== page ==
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Johnny Vardeman: Longstreet Bridges name was unofficial until recently
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And all this time you thought the first bridge over the Chattahoochee River arm of Lake Lanier on U.S. 129 north of Gainesville was always named Longstreet Bridge.

It has been called that ever since it was constructed when Lake Lanier was filling in the mid-1950s. And the previous bridge over the Chattahoochee near that same spot also was called Longstreet Bridge in honor of Confederate Gen. James Longstreet, who made his home in Gainesville after the Civil War, died here and is buried in Alta Vista Cemetery.

However, the current bridge was officially named only last year. When the Georgia Department of Transportation replaces it, the new bridge also will officially be named the Longstreet Bridge. Thank former state Rep. Carl Rogers and the Longstreet Society for getting that done.

Richard Pilcher of the Longstreet Society discovered in state DOT records the bridge didn’t officially carry the general’s name. However, in 1935, the General James Longstreet Chapter of United Daughters of the Confederacy erected a stone monument designating it as Longstreet Bridge. That marker has remained with the present bridge over Lake Lanier.

Rogers was in his final session of the Georgia legislature last year as the deadline for legislation was approaching. When Pilcher contacted him about the bridge name, Rogers told him he better hurry to get something to him within about 30 minutes, which he did. Rogers got a resolution through the transportation committees of both houses, and the resolution naming Longstreet Bridge passed. It was the last piece of legislation Rogers handled before he left office.

The problem was the state has changed its rules concerning names of buildings, roads, bridges, etc. You can understand that as it seems so many intersections, overpasses, even short stretches of roadway are named for some dignitary or non-dignitary. To get something named nowadays, you have to jump through a bunch of hoops and have the intended naming advertised in advance, supposedly so people could object if they so desired.

One of those rules changes involves monuments or markers at or on bridges. The DOT frowns on those, though the Longstreet monument has survived through two bridges. In fact, the marker has deteriorated. It originally was in the shape of the mathematical pi sign and Greek letter, but the cross bar disappeared.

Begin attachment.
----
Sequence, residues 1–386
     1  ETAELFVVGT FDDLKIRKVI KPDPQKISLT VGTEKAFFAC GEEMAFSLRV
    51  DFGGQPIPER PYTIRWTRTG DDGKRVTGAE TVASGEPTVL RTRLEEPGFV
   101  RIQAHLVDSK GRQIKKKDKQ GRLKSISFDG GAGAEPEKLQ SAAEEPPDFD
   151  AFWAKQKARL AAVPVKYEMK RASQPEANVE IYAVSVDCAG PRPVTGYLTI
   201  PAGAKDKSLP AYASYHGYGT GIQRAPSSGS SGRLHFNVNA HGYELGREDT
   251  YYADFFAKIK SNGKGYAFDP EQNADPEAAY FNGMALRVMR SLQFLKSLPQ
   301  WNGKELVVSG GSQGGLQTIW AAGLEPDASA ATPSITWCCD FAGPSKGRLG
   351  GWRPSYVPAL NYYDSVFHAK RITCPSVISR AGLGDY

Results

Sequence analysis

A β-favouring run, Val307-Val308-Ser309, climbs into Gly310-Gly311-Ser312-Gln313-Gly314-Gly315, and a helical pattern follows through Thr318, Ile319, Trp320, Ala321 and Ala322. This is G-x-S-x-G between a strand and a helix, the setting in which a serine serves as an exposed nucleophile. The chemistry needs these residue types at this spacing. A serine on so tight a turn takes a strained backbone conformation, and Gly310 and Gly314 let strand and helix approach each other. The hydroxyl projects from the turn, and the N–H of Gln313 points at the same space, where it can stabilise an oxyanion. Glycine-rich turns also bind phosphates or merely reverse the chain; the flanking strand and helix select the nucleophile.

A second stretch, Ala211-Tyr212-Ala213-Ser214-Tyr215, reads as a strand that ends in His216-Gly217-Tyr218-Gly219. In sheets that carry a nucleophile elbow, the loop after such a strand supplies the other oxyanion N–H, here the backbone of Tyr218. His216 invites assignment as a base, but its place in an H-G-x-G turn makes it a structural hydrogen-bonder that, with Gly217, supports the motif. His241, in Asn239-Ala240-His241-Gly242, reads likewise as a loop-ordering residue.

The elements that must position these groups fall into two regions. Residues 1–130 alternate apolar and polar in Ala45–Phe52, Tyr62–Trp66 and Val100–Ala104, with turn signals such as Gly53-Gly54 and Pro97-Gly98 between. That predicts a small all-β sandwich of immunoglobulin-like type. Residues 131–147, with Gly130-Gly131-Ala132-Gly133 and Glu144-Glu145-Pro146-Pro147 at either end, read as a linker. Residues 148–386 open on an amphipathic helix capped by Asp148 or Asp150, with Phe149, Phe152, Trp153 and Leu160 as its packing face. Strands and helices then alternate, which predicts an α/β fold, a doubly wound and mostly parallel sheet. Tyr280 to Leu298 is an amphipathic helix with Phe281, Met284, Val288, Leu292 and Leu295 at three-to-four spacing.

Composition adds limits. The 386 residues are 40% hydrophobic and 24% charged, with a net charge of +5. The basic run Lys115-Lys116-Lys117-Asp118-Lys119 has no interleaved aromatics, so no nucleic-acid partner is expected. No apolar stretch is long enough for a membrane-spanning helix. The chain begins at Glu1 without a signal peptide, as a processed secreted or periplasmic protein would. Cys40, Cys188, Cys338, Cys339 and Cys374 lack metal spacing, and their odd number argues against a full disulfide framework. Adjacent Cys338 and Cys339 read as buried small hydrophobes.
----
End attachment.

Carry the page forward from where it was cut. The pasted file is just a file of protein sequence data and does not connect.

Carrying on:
The UDC hopes the monument will be restored and mark the new bridge when it is constructed years from now. In the meantime, it is stored with the DOT.

When the issue of the Longstreet Bridge naming arose, it set Rogers, Pilcher and others to wondering if other bridges around are officially named. The Jerry Jackson Bridge over Lake Lanier on Ga. 53, Gainesville-Dawsonville Highway, is because of Jackson’s years of service in the legislature, and the bridge was so named after he retired.

But how about Thompson, Brown’s, Bolding and Clark’s bridges, as well as many more over Lake Lanier or streams around the state?

Thompson Bridge was named for the brothers, Ovid and Guilford, who built the first bridge over the Chattahoochee River north of Gainesville. Bolding was named for the William R. Bolding family who built the first bridge over the Chestatee River at the Forsyth-Hall counties line, and Clark’s for Elizabeth Clark, who engineered and managed the building of a toll bridge over the Chattahoochee River at what is now the site of the Lake Lanier Olympic Park rowing, canoe and kayak venue.

The Bolding family also operated Bolding Mill near the bridge. Hall County bought the bridge in 1898, making it toll-free. The Boldings previously charged a toll for those wanting to cross the bridge over the Chestatee River.

The first Brown’s Bridge was built by Minor Winn Brown over the Chattahoochee on what is now Ga. 369, Brown’s Bridge Road.

• • 

While there was considerable opposition to the United States getting into World War I, President Woodrow Wilson and Congress finally got involved with the hope it would end all wars.

When the war wound down in 1918, victory by the Allies inspired an outbreak of patriotism. Hall Countians began raising money to build a Memorial Building to honor its sons who fought in the war.

A fine building was proposed, but fund-raising apparently fell short, and the campaign fizzled out before anything was constructed.

Johnny Vardeman is retired editor of The Times.

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